While I’m no expert on predation, I have done a fair amount of work on those curious peacock dances. During the mating season, the males shake their wings and sidle up to females, sometimes even shuffling backwards right into them, before they start vibrating their train feathers. One of the most exciting things to come out of my work at the Arboretum was evidence that males maneuver themselves to present their feathers at an angle of about 45° to the sun, on average, and that they use their dances to corral females into viewing them from that orientation6. I suspect this enhances the iridescent eyespot colours, and that over time males learn to present themselves in the best possible light. In the years since, other researchers have found that great bustards and snowy owls also orient their brightest feathers towards the sun7-8.

This is just the beginning, so stay tuned9-10. I’m working on some new projects to look more closely at the “how” side of things. That is, how do females decide on which male to mate with when there are so many to choose from at the Arboretum? More on this to come.

In the meantime, a few acknowledgments are in order. Dr. Mark Wourms helped me get started. Jim Hendrich provided tremendous support and helpful advice over the years. Of course, I couldn’t have caught a single bird without my supervisor, Dr. Bob Montgomerie of Queen’s University in Canada, and our lively crew of field assistants: Rob Ewart, Adriana Johnston, Myra Burrell, Bonny Chan, Will Roberts, Daisy Luc and Rebecca Kandilian. Our team was very lucky to find Shih Chen back in 2008. Somehow, Shih made a group of Canadians feel at home in Arcadia in the middle of winter. The same could be said of the wonderful staff and members at the Arboretum. It turns out that most of our time working on these birds involved watching them do very little, for hours on end – and you made it easy.

The following notes are for anyone interested in finding out more about the research described here.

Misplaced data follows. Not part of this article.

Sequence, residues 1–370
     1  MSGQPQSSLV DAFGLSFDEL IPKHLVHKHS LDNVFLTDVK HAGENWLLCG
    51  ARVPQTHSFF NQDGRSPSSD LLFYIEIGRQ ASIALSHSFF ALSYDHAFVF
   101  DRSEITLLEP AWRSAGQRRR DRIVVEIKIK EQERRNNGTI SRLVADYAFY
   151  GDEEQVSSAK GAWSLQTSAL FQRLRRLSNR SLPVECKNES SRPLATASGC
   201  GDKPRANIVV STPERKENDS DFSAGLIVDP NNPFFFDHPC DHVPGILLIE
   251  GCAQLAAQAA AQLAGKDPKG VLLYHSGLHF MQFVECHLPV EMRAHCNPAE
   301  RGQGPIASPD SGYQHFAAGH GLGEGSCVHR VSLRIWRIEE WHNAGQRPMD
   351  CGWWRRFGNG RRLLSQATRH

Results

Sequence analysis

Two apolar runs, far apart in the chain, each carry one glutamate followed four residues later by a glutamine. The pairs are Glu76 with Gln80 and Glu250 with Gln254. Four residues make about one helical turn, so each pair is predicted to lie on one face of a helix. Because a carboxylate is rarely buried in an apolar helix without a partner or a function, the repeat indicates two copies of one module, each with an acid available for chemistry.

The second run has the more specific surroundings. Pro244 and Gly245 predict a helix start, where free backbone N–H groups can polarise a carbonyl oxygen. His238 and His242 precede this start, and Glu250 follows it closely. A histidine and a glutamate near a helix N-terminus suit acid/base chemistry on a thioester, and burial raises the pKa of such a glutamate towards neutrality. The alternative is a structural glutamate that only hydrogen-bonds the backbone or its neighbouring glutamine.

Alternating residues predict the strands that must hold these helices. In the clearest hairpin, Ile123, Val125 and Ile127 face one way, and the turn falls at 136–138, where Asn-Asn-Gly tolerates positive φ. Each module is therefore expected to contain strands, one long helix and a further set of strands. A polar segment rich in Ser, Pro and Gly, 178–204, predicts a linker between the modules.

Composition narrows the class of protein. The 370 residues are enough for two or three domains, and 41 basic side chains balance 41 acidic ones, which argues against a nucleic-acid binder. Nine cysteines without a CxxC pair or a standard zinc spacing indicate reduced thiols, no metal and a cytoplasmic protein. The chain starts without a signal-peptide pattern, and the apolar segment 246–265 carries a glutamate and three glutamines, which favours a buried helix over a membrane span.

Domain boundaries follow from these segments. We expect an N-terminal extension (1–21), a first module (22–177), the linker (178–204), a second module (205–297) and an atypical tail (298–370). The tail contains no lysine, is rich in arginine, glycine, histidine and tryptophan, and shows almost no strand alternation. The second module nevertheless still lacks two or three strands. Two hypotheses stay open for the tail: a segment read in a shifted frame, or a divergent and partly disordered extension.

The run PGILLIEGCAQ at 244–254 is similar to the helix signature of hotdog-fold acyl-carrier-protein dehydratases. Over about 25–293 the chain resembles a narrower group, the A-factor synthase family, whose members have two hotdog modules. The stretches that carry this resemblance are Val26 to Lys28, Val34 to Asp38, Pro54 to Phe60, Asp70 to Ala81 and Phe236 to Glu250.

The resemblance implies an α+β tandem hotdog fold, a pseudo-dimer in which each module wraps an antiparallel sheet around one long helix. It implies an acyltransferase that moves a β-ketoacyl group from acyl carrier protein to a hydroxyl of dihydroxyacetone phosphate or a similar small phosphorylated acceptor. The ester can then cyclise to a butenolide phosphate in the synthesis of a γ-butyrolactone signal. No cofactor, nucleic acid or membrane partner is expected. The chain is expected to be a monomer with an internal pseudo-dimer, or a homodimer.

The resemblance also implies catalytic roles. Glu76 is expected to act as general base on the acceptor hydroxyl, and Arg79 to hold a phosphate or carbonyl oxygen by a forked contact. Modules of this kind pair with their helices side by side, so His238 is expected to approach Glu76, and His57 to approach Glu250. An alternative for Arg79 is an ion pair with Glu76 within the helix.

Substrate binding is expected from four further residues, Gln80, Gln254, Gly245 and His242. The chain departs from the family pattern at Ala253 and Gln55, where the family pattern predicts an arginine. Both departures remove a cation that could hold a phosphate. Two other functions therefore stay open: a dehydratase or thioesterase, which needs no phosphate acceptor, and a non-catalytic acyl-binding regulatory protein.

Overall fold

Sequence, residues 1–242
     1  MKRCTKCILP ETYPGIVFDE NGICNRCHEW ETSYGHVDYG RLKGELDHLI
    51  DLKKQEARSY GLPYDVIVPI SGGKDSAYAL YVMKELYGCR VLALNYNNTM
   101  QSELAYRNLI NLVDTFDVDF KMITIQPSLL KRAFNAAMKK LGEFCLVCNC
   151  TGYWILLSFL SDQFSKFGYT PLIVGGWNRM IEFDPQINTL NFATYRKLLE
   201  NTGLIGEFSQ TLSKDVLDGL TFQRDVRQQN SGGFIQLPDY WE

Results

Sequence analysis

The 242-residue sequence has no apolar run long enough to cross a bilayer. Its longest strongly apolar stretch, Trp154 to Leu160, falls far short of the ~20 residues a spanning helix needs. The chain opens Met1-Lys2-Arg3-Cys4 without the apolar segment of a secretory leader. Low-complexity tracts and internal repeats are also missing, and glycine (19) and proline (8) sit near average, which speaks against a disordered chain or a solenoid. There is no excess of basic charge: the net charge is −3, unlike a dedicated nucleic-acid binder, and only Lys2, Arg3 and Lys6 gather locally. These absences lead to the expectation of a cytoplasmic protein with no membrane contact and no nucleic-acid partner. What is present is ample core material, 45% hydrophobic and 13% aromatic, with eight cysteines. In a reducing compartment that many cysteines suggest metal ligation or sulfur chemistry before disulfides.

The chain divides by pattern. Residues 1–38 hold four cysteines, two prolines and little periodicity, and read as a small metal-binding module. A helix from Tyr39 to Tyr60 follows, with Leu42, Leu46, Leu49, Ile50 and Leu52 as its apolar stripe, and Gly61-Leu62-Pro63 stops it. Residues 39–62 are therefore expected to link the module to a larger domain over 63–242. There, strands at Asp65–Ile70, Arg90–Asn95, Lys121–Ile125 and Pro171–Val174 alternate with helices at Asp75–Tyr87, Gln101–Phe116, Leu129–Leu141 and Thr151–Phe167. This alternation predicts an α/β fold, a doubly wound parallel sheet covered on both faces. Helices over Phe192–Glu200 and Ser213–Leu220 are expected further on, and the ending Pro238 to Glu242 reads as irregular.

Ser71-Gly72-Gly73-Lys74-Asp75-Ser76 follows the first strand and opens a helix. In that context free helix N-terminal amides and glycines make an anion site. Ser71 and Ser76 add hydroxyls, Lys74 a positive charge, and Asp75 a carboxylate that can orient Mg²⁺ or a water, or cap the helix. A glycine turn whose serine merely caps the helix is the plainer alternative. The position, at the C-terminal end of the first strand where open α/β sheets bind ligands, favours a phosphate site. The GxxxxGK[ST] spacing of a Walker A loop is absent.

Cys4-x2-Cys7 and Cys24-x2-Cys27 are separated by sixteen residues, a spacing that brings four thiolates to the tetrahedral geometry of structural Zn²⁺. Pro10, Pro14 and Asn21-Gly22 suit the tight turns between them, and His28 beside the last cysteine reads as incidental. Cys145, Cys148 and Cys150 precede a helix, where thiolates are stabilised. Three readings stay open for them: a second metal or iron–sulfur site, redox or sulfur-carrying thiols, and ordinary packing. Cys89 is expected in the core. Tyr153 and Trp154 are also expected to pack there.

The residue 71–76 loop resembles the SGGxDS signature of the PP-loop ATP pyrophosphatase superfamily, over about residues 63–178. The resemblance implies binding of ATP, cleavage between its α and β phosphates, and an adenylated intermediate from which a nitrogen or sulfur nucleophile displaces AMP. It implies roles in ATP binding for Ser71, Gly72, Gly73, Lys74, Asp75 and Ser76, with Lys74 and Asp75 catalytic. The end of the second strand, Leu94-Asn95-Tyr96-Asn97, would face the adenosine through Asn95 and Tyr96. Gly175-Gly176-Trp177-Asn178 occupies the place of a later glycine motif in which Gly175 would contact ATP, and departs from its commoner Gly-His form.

1. Darwin discusses his view of peacocks in The Decent of Man, and Selection in Relation to Sex (1871, John Murray, London). It’s available here:
  2. My work on peacock colour is not yet published. For now, you can access an earlier study of a population in France led by Dr. Adeline Loyau. See Loyau et al. 2007. “Iridescent structurally based coloration of eyespots correlates with mating success in the peacock.” Behavioral Ecology 18: 1123-1131, available here:
  3. For more on peafowl calls and their potential functions, see Takahashi et al. 2008. “Seasonal and diurnal use of eight different call types by Indian peafowl (Pavo cristatus).” Journal of Ethology 26: 375-381.
  4. For more on mobbing in blackbirds, check out Curio et al. 1978. “Cultural transmission of enemy recognition: one function of mobbing.” Science 202: 899-901.
  5. A good place to start for mobbing and antipredator behaviour is the book Animal Behavior: An Evolutionary Approach (John Alcock, Sunderland, currently in its 9th edition).
  6. For more on peacock courtship displays, see Dakin and Montgomerie. 2009. “Peacocks orient their courtship displays towards the sun.” Behavioral Ecology and Sociobiology 63: 825-834. This paper, along with some of my videos of male displays, can be found here:
  7. For more on great bustard displays, see Olea et al. 2010. “Bottoms up: great bustards use the sun to maximize signal efficacy.” Behavioral Ecology and Sociobiology 64: 927-937.
  8. For more on snowy owls, see Bortolotti et al. 2011. “Wintering snowy owls Bubo scandiacus integrate plumage colour, behaviour and their environment to maximize efficacy of visual displays.” Ibis 153: 134-142.
  9. It’s a story for another time, but another neat thing to come out of the Arboretum peacock research is a resolution to a controversy about how important it is for a male to have lots of eyespots in his train ornament. See Dakin and Montgomerie. 2011. “Peahens prefer peacocks displaying more eyespots, but rarely.” Animal Behaviour, in press, available here:
  10. You can also read about the eyespot number controversy in the popular press. See brief articles from Nature News ( ) and Wired ( ).


  1. Interesting. Apparently it isn’t that unusual for this to happen, and that the reason is that the male plumage is the default without estrogen. If a hen has a diseased ovary, or otherwise loses the ability to produce estrogen, she’ll develop male plumage – sometimes even an entire tail. She is still a female internally though. I have never seen it myself. Apparently these female peacocks don’t display or use the male calls.

  2. We have 3 females in our area in Palm Beach County, FL. After several years without a male around, and no fertlized eggs, the mama of the other 2 is taking on the traits of a male. Her neck turned blue and the blue seems to be spreading to the ?shoulder area. Some of her tail, it’s still short, have obvious eyespots/ocullets. She has a couple of distinctly brown feathers mixed with the white ones on the sides of ‘its’ belly. Those of us that feed the 3 wonder what’s going on, as we can’t find anything on the I-net. Any answer(s) for us? 12/23/2012
    my email
    Thanks for your time – dave kline